Producing Japanese cars in the United States destroys more U.S. jobs than it creates and is only a little better for the economy than importing the cars, says a report released recently by a union-funded think tank.

U.S. plants operated by foreign companies such as the Honda plant in Ohio or the Toyota plant in Kentucky will cause a net loss of 158,000 jobs in the auto industry and an annual net loss of $6 billion, the study concluded.But the Japan Automobile Manufacturers Association said Japanese-affiliated companies brought more than $10 billion in manufacturing investment to the United States and created more than 185,000 jobs.

The study was issued by the Economic Policy Institute, which is funded in part by labor unions, and written by Candace Howes, an assistant economics professor at the University of Notre Dame and a former analyst for the United Auto Workers.

The Japanese have competitive advantages over their U.S. counterparts, the report said.

"These advantages, which stem mainly from having a young, largely nonunionized labor force, enable the transplants to take market share away from existing domestic auto producers," said the report, "Japanese Auto Transplants and the U.S. Automobile Industry."

"Because transplant vehicles displace domestic vehicles at a very high rate, and because transplants use proportionally more imported parts, transplant production destroys more jobs than it creates."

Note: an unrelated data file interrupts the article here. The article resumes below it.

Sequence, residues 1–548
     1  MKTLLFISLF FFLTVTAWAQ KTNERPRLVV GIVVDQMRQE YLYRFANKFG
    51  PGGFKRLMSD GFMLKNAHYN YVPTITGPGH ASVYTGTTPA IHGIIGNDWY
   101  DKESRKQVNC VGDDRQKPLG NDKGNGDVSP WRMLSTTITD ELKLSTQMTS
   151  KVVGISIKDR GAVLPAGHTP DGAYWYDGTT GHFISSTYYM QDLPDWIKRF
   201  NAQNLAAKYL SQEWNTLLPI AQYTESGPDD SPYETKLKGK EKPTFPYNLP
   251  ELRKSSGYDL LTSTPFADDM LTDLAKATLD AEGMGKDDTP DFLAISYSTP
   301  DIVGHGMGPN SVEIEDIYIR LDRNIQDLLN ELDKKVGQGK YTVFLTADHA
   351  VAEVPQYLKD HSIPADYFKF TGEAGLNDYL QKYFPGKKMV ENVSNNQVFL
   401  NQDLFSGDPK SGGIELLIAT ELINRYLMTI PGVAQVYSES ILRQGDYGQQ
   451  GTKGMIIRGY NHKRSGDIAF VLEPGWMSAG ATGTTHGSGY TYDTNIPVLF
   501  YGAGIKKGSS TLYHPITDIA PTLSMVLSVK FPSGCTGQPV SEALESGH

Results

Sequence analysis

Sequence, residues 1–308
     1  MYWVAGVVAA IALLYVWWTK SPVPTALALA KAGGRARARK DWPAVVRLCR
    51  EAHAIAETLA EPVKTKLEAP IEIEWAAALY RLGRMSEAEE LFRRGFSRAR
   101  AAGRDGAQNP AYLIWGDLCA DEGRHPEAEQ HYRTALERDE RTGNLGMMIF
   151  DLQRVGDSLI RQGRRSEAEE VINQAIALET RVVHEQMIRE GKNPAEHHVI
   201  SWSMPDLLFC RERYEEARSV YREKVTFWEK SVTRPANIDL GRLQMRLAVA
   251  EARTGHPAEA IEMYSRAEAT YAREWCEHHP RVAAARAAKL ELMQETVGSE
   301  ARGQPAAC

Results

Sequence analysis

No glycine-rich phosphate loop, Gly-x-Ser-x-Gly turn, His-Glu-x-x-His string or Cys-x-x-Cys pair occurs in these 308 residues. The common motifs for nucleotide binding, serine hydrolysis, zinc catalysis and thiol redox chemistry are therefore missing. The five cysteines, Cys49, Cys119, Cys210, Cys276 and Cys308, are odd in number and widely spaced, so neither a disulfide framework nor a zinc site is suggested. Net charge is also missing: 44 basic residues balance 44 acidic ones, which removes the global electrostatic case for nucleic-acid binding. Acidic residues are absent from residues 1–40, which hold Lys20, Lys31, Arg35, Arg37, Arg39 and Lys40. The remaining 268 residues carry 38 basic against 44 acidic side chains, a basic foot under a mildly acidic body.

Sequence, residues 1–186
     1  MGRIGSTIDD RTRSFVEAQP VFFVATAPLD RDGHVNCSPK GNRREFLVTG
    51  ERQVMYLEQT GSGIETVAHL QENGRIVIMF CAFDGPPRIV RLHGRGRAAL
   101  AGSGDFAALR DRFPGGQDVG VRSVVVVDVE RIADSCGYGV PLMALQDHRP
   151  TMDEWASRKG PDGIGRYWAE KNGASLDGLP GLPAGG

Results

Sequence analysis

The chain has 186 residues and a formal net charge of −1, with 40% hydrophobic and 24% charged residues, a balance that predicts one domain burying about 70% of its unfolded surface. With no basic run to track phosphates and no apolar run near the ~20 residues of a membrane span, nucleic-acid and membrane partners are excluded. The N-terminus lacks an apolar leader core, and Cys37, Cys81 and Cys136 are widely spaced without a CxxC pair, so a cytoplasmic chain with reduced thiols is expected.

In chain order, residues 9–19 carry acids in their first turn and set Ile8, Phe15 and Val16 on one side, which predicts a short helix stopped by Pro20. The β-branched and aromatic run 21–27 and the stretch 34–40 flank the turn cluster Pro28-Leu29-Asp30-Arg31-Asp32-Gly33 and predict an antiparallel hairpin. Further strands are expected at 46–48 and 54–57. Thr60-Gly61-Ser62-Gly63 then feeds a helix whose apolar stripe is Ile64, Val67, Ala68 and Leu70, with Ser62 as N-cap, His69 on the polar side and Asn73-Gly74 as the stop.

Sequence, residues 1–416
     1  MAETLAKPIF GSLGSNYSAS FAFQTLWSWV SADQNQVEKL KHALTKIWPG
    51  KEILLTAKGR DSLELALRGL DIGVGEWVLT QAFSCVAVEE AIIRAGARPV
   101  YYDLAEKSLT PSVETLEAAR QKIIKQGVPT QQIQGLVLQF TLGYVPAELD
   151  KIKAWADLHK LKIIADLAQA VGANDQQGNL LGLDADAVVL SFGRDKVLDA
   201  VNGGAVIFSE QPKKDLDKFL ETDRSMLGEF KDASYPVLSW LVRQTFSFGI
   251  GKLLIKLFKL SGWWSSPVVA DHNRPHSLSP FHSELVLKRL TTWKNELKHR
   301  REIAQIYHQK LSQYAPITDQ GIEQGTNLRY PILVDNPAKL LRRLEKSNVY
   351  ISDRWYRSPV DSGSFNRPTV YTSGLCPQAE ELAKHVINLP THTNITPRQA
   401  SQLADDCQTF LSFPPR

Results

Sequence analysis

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Japanese automakers keep most design work and produce the most technically sophisticated parts at home, the report said.

Philip A. Hutchinson, president of the Association of International Automobile Manufacturers, said the competition is partly responsible for improvements in quality, productivity and market share at big U.S. automakers.

He said foreign automakers want to be closer to the market they are selling to.

"This report isn't economics but rather an emotional political document based on a collection of out-of-date statistics," said William Duncan, general director of the Japan Automobile Manufacturers Association.

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